Marooned off the Ecuadorian coast beyond human touch, corruption and devastation, the Galapagos Islands are quite simply one of the world's greatest natural wonders.
And while Darwin made these rocky outcrops famous to us mere land lovers, seamen had stumbled across this land of weird geological formations and even weirder wildlife, long before his time.
Adrift in the Pacific Ocean, this scattering of volcanic idylls lie testament to Darwin's groundbreaking research on natural selection. It was here the English naturalist developed his revolutionary ideas with compelling evidence in his 1859 book On the Origin of Species — as a result of the vast number of endemic species on the archipelago.
Nowhere else on earth can you witness the role evolution plays so clearly, and it's here that today, many of these species remain - from the giant tortoise to the marine iguana.
Take your pick of these three islands - and keep an eye out for the blue-footed boobie.
Santa Cruz Island
The hub of human civilisation in the archipelago, Santa Cruz is your best bet for an intriguing insight into local life adrift from the mainland. Immigrants flocked here last century and it’s worth spending a morning visiting the excellent Charles Darwin Research Station — a first-hand lesson in natural history and the work of the international, non-profit Charles Darwin Foundation.
Don’t miss a journey across the island, from the main town of Puerto Ayora to a clutch of lava tubes, sinkholes and eerie craters for a spot of Darwinian exploration; and the chance to meet the formidable Galapagos tortoises.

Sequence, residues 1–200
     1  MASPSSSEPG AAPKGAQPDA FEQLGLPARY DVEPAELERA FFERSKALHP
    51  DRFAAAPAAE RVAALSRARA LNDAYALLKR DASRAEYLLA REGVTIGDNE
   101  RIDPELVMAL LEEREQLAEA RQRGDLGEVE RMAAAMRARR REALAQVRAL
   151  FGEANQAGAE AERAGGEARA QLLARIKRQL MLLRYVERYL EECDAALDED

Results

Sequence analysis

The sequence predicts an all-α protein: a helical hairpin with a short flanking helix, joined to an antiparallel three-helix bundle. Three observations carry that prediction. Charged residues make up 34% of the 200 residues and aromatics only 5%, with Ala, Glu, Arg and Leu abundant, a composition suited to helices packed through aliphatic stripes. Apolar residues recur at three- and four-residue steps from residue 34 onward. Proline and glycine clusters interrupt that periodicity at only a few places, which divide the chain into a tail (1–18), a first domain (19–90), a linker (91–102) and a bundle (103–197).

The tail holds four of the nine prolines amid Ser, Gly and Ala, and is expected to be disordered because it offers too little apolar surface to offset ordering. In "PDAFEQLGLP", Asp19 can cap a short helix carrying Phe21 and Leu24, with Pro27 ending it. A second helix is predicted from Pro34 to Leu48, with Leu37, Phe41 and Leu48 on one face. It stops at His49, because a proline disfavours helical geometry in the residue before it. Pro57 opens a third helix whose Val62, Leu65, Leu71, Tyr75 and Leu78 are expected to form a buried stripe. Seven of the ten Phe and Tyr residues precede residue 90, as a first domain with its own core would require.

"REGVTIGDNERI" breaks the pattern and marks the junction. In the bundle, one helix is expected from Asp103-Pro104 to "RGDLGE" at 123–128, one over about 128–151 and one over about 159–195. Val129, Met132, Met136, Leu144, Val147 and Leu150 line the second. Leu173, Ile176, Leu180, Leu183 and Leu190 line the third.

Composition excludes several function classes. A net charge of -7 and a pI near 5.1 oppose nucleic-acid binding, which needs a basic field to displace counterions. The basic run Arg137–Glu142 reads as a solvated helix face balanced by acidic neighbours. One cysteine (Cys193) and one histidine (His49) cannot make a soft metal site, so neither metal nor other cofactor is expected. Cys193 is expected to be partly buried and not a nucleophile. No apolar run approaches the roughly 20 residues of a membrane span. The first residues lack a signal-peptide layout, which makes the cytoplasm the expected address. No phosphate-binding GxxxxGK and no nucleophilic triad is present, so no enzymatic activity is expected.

The southernmost island of the archipelago, this Garden of Eden should be on the hit list of every visitor. Fringed with a curve of paradisiacal white sand on its northeastern shore, Espanola is the place to throw on the bikini and snorkel in its surrounding crystalline waters, home to tropical fish, from yellow-tailed surgeonfish and king angelfish to bump-head parrot fish. Hammerhead sharks are also known to prowl this underwater utopia, as are sleepy white-tipped reef sharks.
Back on terra firma, meanwhile, sea lions hark in a harmony, circled by great-winged albatross, while the sinister-looking marine iguanas skulk along its shores; their peculiar faces seemingly glaring at you in humour.
The oldest and easternmost island in the archipelago, San Cristobal or Chatham is the place to spot one of the area's most prized creatures — the blue-footed boobie.
Head here from June to August during its mating season when these amusing beauties perform an elaborate dance to attract a mate, starting with the male bestowing a small stick or stone to the female. For almost guaranteed sightings, travel across the island to Isla Lobos, whose basalt rock is home to these seabirds and a clutch of frolicking sea lions.